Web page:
Jan Davey is the owner of Ringtail Creek Flying-fox Sanctuary, a property located in Ringtail Creek, approximately 15km northwest of Noosaville, Queensland. The property is a dedicated wildlife sanctuary and residence which is also used for wildlife rehabilitation and education. It is Jan’s intent to protect the property in its current use as a wildlife rehabilitation and release site and to improve, by continued planting, the food sources for all species of wildlife that live here and that visit seasonally.
A Voluntary Conservation Agreement (VCA) in place through the local council contains a caveat attached to the property’s title deed in perpetuity. Ringtail Creek Flying-fox Sanctuary is a state registered release site for black, little red and grey-headed flying-foxes, and Jan is the coordinator of Flying-fox Rescue Release Noosa Inc. She holds a Federal license to band all three species on release.
The property covers 2.45 hectares within the Noosa River Catchment, forming part of a wildlife corridor between Ringtail State Forest and the Noosa River. The topography of the property is flat with a slight fall to the north eastern edge, and the geology of the more elevated areas is weathered Myrtle Creek Sandstone, while in lower areas alluvial soils predominate. A dam within the central portion of the property provides a year-round water source to wildlife.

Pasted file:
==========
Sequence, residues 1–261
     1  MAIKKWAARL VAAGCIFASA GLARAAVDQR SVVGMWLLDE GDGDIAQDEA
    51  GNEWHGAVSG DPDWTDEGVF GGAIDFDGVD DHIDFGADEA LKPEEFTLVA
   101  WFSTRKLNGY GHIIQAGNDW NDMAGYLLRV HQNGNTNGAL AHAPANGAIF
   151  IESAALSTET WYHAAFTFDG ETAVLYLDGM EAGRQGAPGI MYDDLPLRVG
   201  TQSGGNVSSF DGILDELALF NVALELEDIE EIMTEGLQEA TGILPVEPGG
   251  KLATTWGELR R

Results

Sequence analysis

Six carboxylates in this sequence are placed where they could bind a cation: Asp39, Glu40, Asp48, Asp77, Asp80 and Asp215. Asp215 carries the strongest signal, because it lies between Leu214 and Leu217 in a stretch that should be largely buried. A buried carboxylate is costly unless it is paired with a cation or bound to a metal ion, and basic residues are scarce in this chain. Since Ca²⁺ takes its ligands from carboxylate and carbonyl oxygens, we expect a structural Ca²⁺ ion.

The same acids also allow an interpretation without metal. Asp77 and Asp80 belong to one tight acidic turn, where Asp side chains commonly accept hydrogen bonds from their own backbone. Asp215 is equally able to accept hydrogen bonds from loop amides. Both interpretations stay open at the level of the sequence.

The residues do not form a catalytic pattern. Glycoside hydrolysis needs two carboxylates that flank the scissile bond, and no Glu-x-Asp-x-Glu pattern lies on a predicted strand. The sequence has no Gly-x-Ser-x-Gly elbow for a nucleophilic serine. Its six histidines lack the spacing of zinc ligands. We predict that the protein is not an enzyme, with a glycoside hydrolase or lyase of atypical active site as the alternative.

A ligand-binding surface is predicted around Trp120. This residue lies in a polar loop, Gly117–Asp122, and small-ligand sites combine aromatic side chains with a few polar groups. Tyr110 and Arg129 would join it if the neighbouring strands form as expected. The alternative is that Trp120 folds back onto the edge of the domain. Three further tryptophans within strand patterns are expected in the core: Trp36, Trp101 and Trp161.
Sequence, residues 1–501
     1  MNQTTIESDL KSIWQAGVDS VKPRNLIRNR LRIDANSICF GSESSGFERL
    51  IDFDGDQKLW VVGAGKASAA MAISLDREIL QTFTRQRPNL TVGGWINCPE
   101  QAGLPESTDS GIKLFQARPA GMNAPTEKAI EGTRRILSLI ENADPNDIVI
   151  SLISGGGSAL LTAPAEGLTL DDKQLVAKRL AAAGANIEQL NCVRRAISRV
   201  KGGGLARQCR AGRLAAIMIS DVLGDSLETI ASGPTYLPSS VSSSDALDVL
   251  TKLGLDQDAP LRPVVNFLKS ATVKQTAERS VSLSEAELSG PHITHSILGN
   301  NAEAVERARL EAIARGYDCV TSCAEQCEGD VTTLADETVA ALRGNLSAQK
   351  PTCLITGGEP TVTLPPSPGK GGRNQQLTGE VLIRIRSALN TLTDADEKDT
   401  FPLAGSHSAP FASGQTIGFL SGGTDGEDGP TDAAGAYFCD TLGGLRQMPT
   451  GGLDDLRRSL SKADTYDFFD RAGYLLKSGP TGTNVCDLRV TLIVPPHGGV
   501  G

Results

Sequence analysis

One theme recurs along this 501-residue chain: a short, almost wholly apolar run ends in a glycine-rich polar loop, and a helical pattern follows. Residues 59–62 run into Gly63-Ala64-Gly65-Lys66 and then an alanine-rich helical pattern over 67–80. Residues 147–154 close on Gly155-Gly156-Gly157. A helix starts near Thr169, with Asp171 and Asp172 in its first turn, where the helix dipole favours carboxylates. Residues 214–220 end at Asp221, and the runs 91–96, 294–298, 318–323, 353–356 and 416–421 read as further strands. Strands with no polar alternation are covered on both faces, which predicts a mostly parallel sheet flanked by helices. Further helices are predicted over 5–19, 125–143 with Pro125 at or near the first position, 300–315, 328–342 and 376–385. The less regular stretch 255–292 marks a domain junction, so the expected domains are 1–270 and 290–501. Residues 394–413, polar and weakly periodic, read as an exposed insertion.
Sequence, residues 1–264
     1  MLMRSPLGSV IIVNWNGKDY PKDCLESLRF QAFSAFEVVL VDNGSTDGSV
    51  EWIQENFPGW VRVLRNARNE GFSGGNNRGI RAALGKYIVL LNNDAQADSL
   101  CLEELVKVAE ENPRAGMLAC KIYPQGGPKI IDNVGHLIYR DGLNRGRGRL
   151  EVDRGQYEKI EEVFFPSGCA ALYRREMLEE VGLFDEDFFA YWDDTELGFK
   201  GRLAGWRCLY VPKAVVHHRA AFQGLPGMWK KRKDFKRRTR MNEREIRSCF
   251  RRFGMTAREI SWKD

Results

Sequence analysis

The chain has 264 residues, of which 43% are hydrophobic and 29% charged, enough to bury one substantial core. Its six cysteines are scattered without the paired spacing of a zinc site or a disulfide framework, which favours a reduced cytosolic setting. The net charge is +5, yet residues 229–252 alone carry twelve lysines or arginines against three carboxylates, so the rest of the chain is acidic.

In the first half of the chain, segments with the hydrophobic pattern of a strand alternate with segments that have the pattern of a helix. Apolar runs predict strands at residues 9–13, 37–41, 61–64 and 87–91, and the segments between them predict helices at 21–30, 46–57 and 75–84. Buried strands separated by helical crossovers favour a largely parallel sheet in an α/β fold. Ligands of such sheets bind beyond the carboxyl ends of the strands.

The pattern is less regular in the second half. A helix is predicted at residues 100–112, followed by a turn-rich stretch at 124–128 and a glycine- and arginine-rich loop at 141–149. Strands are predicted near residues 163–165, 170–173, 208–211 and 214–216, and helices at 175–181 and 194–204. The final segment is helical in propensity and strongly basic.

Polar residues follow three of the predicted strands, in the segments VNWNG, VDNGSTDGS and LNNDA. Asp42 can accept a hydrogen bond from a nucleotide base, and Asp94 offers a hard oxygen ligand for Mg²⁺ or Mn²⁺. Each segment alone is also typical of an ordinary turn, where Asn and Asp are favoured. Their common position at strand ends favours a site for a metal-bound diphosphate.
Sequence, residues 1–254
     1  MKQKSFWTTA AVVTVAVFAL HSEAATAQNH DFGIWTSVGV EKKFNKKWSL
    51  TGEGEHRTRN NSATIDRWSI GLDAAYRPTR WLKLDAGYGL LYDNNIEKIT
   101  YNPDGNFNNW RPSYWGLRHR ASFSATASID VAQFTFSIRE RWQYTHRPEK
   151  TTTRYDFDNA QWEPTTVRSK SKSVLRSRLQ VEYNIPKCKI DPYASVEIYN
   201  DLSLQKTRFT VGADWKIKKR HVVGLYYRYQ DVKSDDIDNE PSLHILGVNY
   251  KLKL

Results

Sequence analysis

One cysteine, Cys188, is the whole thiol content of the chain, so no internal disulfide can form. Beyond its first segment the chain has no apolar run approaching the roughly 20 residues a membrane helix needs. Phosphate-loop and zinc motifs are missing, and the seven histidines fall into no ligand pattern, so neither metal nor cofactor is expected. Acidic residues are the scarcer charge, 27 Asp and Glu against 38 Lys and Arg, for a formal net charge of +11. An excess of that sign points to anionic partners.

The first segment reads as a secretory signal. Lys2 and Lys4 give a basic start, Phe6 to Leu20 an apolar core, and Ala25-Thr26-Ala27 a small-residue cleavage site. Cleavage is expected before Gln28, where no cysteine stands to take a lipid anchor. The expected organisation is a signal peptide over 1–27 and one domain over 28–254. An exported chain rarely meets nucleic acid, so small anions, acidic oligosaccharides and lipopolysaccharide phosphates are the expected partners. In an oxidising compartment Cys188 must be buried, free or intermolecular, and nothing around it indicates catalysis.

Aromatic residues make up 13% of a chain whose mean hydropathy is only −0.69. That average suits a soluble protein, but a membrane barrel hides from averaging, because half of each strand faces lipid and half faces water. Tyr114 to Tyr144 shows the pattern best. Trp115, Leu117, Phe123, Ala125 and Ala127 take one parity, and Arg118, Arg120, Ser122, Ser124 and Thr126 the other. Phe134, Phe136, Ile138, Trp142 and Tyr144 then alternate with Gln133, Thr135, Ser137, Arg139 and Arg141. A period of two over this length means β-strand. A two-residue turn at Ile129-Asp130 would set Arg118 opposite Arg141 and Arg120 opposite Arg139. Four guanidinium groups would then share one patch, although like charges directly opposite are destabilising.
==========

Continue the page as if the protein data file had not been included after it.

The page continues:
Vegetation types found on the property include scribby gum woodland, tall open mixed Eucalypt forest, fresh water wetland, and an area of Melaleuca woodland. The endangered Regional Ecosystem 12.5.3 (Eucalyptus tindaliae and/or E. racemosa open forest on remnant Tertiary surfaces) occurs on Ringtail Creek Flying-fox Sanctuary, as does the listed plant species Boronia rivularis.
Examples of wildlife species known to occur on the property include black (Pteropus alecto) and little red (P. scapulatus) flying-foxes, as well as the Federally listed grey-headed flying-fox (P. poliocephalus), blossom (Syconycteris australis), eastern tube-nosed (Nyctimene robinsoni) and micro bats, ringtail (Pseudocheirus peregrinus) and brushtail (Trichosurus vulpecula) possums, feather gliders (Acrobates pygmaeus), northern brown bandicoots (Isoodon macrourus), short-beaked echidnas (Tachyglossus aculeatus), eastern grey kangaroos (Macropus giganteus), wallabies, native rodents, many species of reptiles and frogs, and a wide range of native bird species (between 80 and 100 recorded.)